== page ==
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End to End traceability in specialty coffee supply chain; myth or reality

Source-to-consumer traceability in the specialty coffee supply chain refers to the ability to track and document the journey of coffee beans from the farm to the consumer, not as in most cases from the cooperative to the coffee company, we even have seen coffee brands share only the country of origin and call that full traceability. Also, requires capturing pertinent information at each stage of the supply chain.

End-to-end traceability, a subset of source-to-consumer, falls short in its inclusivity of all supply chain participants. As an example, it will capture traceability information from the cooperative to the brand, leaving out two crucial groups – producers and consumers. Embracing a more comprehensive approach to traceability is essential, as it empowers all stakeholders, fosters accountability, and enables ethical choices for a transparent and responsible supply chain.

Key elements of full traceability or source-to-consumer include:

Farm Level: Identifying the specific farms or estates where the coffee is grown, including information about the farm, location, cultivation practices, environmental conditions, and producer information.

Currently, the initial purchase from the producer lacks traceability, as only the buyer reports the transactional details, leading to a broken chain of information. We could argue without each individual farmer as part of the verification process no brand is fully traceable.

Certification and Standards: Tracking certifications and compliance with industry standards, such as organic, Fair Trade, Rainforest Alliance, or other sustainability certifications, to ensure adherence to specific criteria and practices. Again, if we capture each individual producers’ initial delivery data, we can cross reference with the certification bodies, that indeed the farmer carries the correct credentials.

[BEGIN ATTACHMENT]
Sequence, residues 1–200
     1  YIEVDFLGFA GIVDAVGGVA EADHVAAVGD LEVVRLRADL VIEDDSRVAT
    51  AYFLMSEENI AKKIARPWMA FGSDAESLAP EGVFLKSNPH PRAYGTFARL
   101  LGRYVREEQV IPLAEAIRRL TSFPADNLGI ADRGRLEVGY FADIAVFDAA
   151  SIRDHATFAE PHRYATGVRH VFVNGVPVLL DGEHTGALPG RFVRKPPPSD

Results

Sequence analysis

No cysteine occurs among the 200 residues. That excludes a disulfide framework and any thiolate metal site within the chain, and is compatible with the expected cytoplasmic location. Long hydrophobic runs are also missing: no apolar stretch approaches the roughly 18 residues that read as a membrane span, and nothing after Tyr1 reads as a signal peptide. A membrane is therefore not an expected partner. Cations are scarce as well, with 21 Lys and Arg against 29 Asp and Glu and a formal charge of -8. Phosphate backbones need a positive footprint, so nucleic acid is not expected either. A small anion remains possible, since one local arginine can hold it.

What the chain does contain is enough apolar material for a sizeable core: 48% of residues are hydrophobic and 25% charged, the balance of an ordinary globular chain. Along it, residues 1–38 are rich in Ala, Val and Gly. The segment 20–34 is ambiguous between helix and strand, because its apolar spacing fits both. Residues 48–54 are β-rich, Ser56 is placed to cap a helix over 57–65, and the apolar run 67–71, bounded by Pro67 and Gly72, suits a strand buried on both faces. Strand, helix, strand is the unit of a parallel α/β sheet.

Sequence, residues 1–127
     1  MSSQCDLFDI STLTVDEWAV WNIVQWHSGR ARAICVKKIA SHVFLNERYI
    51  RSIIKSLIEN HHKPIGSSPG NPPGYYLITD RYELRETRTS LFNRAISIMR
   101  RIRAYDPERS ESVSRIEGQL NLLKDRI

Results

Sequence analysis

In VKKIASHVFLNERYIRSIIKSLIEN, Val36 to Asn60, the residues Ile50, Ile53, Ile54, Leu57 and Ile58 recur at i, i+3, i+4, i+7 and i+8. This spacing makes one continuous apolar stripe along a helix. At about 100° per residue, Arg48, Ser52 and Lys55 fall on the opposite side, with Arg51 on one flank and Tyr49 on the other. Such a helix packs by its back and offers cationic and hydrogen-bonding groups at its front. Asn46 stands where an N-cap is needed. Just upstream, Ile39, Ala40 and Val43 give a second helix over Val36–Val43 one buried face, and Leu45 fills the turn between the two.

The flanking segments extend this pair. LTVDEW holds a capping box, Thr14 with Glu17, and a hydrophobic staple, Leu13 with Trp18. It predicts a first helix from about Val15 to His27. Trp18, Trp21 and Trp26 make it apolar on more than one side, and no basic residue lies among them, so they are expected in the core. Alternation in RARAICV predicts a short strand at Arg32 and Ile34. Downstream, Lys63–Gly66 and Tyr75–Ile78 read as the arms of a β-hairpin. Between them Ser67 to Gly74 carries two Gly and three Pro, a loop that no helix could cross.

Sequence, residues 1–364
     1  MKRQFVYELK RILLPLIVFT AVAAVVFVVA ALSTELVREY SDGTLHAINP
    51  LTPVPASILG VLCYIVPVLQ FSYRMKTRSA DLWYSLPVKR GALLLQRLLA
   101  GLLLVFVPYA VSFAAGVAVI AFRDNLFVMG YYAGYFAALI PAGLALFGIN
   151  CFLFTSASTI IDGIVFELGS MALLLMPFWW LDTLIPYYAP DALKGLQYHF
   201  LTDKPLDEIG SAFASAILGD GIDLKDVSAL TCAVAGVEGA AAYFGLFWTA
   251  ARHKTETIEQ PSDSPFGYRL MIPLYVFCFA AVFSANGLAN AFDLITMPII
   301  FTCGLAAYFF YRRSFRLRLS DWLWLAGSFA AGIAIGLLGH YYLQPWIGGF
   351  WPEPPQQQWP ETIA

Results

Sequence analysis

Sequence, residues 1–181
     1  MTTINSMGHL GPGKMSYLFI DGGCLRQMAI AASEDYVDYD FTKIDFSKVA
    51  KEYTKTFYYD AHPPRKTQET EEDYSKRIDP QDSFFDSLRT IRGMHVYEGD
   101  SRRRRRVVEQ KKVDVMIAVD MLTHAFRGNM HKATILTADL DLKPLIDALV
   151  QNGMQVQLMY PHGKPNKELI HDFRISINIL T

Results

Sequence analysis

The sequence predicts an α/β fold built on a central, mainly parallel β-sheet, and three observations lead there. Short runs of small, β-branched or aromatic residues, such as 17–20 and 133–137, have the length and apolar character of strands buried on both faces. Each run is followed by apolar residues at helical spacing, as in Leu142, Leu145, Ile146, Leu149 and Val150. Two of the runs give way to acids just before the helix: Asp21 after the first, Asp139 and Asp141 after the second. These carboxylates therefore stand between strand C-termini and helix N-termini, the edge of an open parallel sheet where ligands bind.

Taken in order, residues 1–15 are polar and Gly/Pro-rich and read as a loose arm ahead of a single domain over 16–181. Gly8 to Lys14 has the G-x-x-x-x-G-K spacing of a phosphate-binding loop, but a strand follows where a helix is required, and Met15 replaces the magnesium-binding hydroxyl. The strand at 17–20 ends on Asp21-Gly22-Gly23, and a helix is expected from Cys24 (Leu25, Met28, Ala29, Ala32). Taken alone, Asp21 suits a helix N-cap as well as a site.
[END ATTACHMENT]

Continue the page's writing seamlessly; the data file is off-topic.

Roasting and Packaging: Capturing data on the roasting process, including temperature profiles, duration, and packaging methods to ensure consistency and quality control.

Supply Chain Actors: Identifying all intermediaries involved in the coffee supply chain, such as exporters, importers, distributors and brands, and tracking the flow of coffee between these entities.

Certificates and Documentation: Maintaining proper documentation, such as invoices, certificates of origin, shipping documents, and audit reports, to verify the authenticity and integrity of the coffee and support the traceability claims.

Consumer Information: Providing consumers with relevant information with a use of a QR code, (generated independent of the brand or coffee company) about the coffee they purchase, including details on the origin, who the farmer is, sustainability practices, and any certifications or special attributes associated with the coffee.

Full traceability allows for transparency and accountability throughout the coffee supply chain. It enables consumers, roasters, and other stakeholders to make informed decisions, ensures ethical and sustainable sourcing practices, verifies product ESG claims, and fosters consumer trust and confidence in the specialty coffee industry.

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